Now, you may be thinking to yourself, “But Rebekah, not every story has a plot twist in the middle of it. If it did, everyone would expect it, and it would become a cliche!”

That’s because many people think of plot twists in a dramatic way.

There are 2 main types of plot twists, the 2 Things = 1 Thing and the Change of Context. Let’s take a closer look at both kinds.

2 Things = 1 Thing

This is what most people think of when they think of a plot twist.

<Star Wars: Episode V – The Empire Strikes Back Spoiler>

One of the most famous and popular examples of this kind of plot twist is in the Star Wars series.

In the movies, Luke Skywalker begins by believing that his father and Darth Vader are 2 separate people. But by the end of the story Luke has learned that Darth Vader is his father. Thus 2 things became 1 thing.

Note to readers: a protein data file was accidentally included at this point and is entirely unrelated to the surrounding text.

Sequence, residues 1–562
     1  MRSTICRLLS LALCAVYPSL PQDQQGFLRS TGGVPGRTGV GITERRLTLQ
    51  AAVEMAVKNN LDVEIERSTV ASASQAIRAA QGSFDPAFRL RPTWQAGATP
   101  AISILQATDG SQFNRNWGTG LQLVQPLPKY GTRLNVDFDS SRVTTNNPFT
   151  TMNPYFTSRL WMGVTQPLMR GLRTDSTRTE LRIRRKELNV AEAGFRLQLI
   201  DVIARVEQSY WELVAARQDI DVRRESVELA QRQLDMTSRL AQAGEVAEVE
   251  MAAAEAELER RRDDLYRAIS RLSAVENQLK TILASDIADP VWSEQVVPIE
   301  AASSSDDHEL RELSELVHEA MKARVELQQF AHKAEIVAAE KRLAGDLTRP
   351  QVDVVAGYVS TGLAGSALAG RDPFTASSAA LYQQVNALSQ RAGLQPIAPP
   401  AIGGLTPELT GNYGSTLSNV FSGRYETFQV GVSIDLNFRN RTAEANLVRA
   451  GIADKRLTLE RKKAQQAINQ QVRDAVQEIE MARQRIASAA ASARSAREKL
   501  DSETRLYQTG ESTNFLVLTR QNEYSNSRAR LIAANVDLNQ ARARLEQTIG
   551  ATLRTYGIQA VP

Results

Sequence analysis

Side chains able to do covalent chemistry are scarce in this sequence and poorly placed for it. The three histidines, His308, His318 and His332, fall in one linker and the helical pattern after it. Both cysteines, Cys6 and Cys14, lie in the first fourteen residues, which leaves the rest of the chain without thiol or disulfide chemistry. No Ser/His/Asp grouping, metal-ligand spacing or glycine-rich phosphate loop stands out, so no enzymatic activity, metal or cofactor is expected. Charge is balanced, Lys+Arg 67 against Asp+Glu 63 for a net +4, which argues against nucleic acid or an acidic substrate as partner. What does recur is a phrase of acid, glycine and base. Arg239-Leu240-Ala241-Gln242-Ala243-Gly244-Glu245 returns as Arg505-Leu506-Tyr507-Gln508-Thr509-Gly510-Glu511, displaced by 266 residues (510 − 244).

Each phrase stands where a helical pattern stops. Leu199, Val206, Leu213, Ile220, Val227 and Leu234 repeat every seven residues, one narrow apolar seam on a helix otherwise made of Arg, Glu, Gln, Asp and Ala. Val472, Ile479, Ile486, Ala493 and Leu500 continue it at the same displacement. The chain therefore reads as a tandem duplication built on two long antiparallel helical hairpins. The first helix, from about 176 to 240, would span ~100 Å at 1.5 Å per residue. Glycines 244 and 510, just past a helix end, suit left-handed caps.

</Star Wars: Episode V – The Empire Strikes Back Spoiler>

This is a very famous and popular example of the 2 things becomes 1 thing twist.

This kind of plot twist is used most with characters, as it’s always a shocker when the audience learns that what they though were 2 separate characters was always just 1 person.

Change of Context

The change of context plot twist is what happens when new information is revealed that changes the context of the story.

<The Sixth Sense Spoiler>

A famous example of this kind of plot twist happens in The Sixth Sense.

The Sixth Sense is a story about a boy, named Cole, who sees dead people. The dead don’t know they’re dead, and they can’t see the other dead people.